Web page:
Down near Useless Loop, Shark Bay, WA
Phase One XF 150MP, 80mm Schneider lens, 1/640 second @ f4.5, ISO 100
There's no doubt getting up in the air to take photographs is exciting. And the first few times, you're simply blown away by the experience, so it doesn't really matter too much what your photos are like, they will elicit great memories when you view them.
However, with a little experience, as you look back over your images - especially those which are essentially abstract patterns - you might wonder why they're not quite as good as Tony Hewitt's? What is the difference?
Generally the answer is a matter of design. Yes, Tony has wonderful control over his exposure, colour and the texture he brings out, but at the heart of the image is its shape, pattern and composition. Exposure, colour and texture are great, but the difference is invariably a strong shape or pattern that sits inside a complete, considered composition or framing. How does he do it?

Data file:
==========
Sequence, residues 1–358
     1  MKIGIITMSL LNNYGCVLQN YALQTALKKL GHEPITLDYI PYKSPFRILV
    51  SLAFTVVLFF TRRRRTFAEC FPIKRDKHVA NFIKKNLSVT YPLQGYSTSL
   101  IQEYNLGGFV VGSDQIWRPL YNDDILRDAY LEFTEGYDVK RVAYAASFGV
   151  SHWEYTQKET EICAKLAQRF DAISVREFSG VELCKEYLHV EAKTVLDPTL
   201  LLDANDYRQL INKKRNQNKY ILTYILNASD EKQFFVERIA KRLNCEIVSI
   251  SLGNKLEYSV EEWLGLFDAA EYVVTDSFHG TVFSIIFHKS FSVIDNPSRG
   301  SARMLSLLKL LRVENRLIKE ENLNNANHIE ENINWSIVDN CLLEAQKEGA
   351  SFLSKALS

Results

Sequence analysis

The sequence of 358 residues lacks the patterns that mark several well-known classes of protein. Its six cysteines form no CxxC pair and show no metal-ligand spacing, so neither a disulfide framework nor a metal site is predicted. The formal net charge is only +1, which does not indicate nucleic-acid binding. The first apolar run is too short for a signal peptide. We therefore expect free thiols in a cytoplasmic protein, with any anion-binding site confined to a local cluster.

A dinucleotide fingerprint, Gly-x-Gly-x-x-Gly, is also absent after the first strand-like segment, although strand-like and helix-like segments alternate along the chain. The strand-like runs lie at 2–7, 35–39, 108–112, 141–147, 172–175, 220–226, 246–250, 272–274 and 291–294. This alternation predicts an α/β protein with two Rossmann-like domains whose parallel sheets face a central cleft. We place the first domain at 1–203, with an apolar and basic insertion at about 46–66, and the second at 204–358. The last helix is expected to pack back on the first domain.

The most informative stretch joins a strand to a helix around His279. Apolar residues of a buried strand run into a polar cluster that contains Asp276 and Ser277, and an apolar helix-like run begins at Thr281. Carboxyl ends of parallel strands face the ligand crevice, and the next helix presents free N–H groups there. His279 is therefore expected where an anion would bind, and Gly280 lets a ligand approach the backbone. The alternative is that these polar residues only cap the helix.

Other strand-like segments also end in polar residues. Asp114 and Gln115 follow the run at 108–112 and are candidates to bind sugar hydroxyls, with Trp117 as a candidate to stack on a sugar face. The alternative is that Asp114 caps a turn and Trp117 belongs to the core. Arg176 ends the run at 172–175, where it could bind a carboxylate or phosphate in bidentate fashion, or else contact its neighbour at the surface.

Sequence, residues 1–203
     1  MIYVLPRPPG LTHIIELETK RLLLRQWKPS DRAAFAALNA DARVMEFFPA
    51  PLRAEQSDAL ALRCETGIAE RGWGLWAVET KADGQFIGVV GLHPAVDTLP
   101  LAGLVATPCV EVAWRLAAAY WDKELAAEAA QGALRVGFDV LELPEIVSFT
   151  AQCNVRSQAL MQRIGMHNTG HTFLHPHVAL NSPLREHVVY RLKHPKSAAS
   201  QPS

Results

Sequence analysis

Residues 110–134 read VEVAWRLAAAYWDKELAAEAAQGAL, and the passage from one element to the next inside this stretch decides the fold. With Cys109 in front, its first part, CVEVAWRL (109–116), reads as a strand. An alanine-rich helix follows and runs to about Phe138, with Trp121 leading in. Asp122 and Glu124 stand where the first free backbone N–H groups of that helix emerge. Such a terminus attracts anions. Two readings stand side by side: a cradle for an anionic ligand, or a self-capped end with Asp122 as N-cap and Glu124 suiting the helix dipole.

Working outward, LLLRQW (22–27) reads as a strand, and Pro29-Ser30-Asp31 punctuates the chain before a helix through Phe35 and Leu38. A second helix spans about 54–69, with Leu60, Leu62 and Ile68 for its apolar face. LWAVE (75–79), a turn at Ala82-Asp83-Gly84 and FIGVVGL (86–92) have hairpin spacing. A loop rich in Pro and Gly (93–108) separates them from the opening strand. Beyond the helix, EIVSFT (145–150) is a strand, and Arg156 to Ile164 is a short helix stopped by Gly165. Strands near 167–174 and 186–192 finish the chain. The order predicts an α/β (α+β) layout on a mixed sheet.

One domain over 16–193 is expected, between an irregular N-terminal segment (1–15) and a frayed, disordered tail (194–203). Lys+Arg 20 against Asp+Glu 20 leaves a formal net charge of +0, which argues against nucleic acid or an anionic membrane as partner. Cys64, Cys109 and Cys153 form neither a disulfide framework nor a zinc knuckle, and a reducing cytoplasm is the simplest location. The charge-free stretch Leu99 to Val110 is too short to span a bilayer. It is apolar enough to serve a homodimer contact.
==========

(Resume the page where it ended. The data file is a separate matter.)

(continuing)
However, there are two observations I'd like to make. First, when you're up in the air, don't look for clear areas or large areas, rather limit your scope to a narrower angle and include some geographical lines in the frame - roads, coasts, cliff edges, dams etc. Man-made subjects can work really well when sitting inside an otherwise natural setting. And using a telephoto lens or taking your aircraft down a little lower may allow you to better frame the subject (depending on the subject's size, of course - you might be better at a higher altitude to get the framing required).
The second point to note is that you can tweak the shape and framing of the image in Photoshop, Lightroom or Capture One etc. Stretch it, crop it, rotate it. Once you do this a few times, you'll realise you don't have to get the framing perfect while you're up in the air. Close enough is often good enough if you're prepared to do a little more in post-production.
And if you happen to be interested in shooting Shark Bay with Tony and me later this year, we have one spot left! Why not come along?
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